Academic journal article Communication Studies

Organizing for Survival and Social Change: The Case of StreetWise

Academic journal article Communication Studies

Organizing for Survival and Social Change: The Case of StreetWise

Article excerpt

Most of us can only imagine, from a comfortable distance, the survival stratagems developed by individuals living on the periphery of mainstream society. Liberation theologians, in discussing the "preferential option for the poor," highlight how marginalized people can transform the world in unexpected, even profound ways (Loeb, 1999). For example, Duneier's (1999) ethnographic portrayal of the informal economic life among vendors in Greenwich Village poignantly illustrates how, in the face of exclusion, poor (mainly) black men create and maintain a moral order. Yet, our prevailing tendency in research has been to focus on the problems of the homeless rather than searching for organizational, economic, and cultural factors coalescing to enable individuals to weave together survival and social change (Dail, 2001). Description of grassroots organizing among people without homes could make valuable contributions toward program intervention and other assistance; however, the discovery of effective survival techniques "requires a paradigm shift away from viewing the homeless as helpless victims" (Dail, 2001, p. 7). Embarking from a standpoint that privileges the lived experiences of individuals who are navigating pathways out of poverty, we explore StreetWise--an organization whose mission is to empower men and women who are homeless or otherwise at risk as they work toward gainful employment and self-sufficiency.

Through the publication of a street journal by the same name, StreetWise provides employment opportunities for men and women without homes. At the same time, StreetWise strives to expand societal awareness of homeless issues. Underscoring the importance of the consciousness-raising discourse of StreetWise are criticisms, scholarly and otherwise, that point to our culture's failure to enact the democratic potential of public sphere(s). Contemporary perspectives on the public sphere observe that historically people have been formally and informally excluded from participating in the discursive construction of social and political issues (e.g., Fraser, 1990; Rawlins, 1998). Of particular interest to feminist scholars are the variety of ways in which subordinated classes organize access routes to public political life despite their exclusion from official deliberative arenas. Fraser (1990) introduces the notion of "subaltern counterpublics" to illustrate how members of subordinated social groups have repeatedly found it beneficial to organize alternative public discourses. "I propose to call these subaltern counterpublics," argues Fraser, "in order to signal that they are parallel discursive arenas where members of subordinated social groups invent and circulate counterdiscourses, which in turn permit them to formulate oppositional interpretations of their identities, interests, and needs" (p. 66). We explore StreetWise as the creation of a subaltern counterpublic.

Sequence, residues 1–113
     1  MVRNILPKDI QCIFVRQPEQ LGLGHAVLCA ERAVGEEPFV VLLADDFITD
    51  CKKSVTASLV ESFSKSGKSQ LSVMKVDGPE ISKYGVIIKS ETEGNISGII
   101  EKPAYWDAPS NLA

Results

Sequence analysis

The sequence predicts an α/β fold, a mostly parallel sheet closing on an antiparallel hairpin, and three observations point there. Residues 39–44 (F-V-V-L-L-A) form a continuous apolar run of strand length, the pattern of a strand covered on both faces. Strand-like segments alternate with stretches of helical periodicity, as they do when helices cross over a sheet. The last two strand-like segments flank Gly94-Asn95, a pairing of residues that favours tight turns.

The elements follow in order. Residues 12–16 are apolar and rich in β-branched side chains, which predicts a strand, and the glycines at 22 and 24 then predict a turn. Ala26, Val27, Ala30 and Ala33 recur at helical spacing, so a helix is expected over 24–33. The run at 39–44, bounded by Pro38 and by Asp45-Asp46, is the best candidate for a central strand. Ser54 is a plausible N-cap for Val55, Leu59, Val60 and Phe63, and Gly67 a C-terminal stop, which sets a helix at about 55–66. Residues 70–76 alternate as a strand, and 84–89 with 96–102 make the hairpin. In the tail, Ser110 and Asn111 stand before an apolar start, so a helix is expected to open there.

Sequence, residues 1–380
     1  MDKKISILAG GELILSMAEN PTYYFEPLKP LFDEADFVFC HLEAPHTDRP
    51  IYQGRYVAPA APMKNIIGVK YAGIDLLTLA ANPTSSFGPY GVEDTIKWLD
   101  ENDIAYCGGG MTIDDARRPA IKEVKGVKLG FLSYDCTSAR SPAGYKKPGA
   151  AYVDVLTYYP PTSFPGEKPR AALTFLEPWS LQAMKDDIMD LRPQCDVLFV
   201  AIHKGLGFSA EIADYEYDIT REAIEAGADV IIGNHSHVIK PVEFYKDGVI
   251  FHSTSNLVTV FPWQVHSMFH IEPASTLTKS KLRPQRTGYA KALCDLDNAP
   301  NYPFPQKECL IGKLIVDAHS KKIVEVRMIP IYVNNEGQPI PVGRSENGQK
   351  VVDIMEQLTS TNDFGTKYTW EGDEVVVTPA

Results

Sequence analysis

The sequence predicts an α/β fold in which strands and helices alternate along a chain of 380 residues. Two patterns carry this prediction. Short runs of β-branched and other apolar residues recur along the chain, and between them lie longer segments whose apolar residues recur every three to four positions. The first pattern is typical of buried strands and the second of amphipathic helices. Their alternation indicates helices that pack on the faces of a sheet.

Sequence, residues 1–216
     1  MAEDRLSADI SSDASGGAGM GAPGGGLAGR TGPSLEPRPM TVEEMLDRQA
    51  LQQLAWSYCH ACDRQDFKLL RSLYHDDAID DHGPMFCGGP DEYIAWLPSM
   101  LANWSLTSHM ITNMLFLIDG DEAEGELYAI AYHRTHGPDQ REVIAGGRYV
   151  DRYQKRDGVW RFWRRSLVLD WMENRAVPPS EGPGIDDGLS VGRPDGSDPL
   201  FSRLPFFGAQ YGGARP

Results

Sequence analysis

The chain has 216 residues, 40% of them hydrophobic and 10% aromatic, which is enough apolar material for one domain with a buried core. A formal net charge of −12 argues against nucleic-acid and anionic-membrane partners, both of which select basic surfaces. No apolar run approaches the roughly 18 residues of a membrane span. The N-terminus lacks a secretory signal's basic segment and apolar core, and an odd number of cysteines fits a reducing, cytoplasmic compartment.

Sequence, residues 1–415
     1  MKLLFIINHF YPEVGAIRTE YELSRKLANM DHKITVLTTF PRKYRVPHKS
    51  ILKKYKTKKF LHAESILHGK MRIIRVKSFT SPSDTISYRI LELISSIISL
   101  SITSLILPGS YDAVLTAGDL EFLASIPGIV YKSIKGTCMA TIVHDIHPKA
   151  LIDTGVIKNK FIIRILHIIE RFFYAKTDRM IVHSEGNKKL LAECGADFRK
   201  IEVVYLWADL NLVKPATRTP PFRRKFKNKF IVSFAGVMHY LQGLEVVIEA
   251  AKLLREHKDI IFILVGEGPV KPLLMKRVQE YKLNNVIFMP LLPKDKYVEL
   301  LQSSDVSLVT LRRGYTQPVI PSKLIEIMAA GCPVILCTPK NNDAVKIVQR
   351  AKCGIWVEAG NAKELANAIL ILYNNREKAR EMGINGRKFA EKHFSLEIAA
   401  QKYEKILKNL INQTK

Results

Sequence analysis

In response to recent calls to explore the "counter" in counterpublics (e.g., Asen, 2000; Mumby, 2000; Squires, 2002), we highlight the discursive moves that reinforce StreetWise's standpoint as counter to the practices and structures of the dominant culture and provide alternative ways of thinking about the issue of homelessness. While we see this body of discourse as a text to be read and deconstructed from multiple standpoints, we are engaging the dialogue guided by feminist theorizing about organizational communication. We begin by (1) articulating our use of feminist concepts to theorize about the discursive aspects of subaltern counterpublics, and (2) positioning the discourse of StreetWise as an interesting site in which to explore organizing for survival and social change. We then present one reading of the discourse and discuss theoretical and practical implications of our analysis.

FEMINIST THEORIZING AND SUBALTERN COUNTERPUBLICS

At the heart of feminist theorizing and praxis about organizational communication is a moral commitment to critique patterns that reproduce and resist "othering" (i. …

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